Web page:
Features of development of cognitive sphere of children

Swiss psychologist and epistemologist known for his pioneering work in child development. Piaget’s theory of features of development of cognitive sphere of children development and epistemological view are together called “genetic epistemology”. Piaget placed great importance on the education of children. As the Director of the International Bureau of Education, he declared in 1934 that “only education is capable of saving our societies from possible collapse, whether violent, or gradual.

His theory of child development is studied in pre-service education programs. Piaget created the International Center for Genetic Epistemology in Geneva in 1955 while on the faculty of the University of Geneva and directed the Center until his death in 1980. According to Ernst von Glasersfeld, Jean Piaget was “the great pioneer of the constructivist theory of knowing. However, his ideas did not become widely popularized until the 1960s. Piaget was born in 1896 in Neuchâtel, in the Francophone region of Switzerland.

He developed an interest in epistemology due to his godfather’s urgings to study the fields of philosophy and logic. He was educated at the University of Neuchâtel, and studied briefly at the University of Zürich. From 1925 to 1929, Piaget worked as a professor of psychology, sociology, and the philosophy of science at the University of Neuchatel. In 1979 he was awarded the Balzan Prize for Social and Political Sciences. This was as per his request. The resulting theoretical frameworks are sufficiently different from each other that they have been characterized as representing different “Piagets.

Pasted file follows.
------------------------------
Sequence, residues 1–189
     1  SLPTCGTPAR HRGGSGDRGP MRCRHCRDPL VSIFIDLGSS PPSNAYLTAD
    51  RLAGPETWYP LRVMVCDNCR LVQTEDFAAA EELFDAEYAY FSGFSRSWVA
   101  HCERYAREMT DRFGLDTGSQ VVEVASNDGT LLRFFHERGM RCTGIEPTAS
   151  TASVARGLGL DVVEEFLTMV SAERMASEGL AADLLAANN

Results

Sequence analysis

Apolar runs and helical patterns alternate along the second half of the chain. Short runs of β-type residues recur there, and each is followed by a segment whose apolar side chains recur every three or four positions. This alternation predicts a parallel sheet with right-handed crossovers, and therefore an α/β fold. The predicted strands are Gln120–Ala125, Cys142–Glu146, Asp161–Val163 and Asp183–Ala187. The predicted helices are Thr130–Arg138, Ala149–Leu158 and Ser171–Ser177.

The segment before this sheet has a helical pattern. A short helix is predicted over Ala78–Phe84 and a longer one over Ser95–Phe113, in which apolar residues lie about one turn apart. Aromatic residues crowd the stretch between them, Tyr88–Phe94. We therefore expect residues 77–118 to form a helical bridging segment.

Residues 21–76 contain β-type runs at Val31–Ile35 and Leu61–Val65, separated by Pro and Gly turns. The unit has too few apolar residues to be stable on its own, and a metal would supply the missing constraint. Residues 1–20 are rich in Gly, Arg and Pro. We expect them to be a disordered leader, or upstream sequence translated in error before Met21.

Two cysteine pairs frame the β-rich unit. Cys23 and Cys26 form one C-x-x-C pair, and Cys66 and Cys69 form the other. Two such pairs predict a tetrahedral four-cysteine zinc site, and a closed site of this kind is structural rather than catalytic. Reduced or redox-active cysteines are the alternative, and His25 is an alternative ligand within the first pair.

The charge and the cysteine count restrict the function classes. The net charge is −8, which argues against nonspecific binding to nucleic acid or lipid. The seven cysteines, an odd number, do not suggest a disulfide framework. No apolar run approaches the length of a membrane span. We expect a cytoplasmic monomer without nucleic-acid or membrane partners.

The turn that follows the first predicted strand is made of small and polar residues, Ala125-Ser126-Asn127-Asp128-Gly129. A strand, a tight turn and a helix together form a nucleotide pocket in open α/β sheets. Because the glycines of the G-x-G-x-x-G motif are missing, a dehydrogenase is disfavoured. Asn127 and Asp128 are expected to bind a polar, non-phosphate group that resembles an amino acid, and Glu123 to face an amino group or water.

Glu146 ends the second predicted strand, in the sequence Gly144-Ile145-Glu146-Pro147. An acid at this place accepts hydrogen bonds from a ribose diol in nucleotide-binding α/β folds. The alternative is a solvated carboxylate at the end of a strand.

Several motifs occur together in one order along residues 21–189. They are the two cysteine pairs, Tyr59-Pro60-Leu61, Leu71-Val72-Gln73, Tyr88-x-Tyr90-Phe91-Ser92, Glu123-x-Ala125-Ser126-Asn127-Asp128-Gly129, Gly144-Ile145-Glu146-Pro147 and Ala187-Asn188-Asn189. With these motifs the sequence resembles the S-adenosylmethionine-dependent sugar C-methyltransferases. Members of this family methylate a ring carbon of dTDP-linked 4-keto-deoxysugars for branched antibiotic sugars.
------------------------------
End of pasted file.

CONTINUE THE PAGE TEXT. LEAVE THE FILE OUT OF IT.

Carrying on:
More recently, Jeremy Burman responded to Beilin and called for the addition of a phase before his turn to psychology: “the zeroeth Piaget. Before Piaget became a psychologist, he trained in natural history and philosophy. He received a doctorate in 1918 from the University of Neuchatel. Piaget first developed as a psychologist in the 1920s. He investigated the hidden side of children’s minds.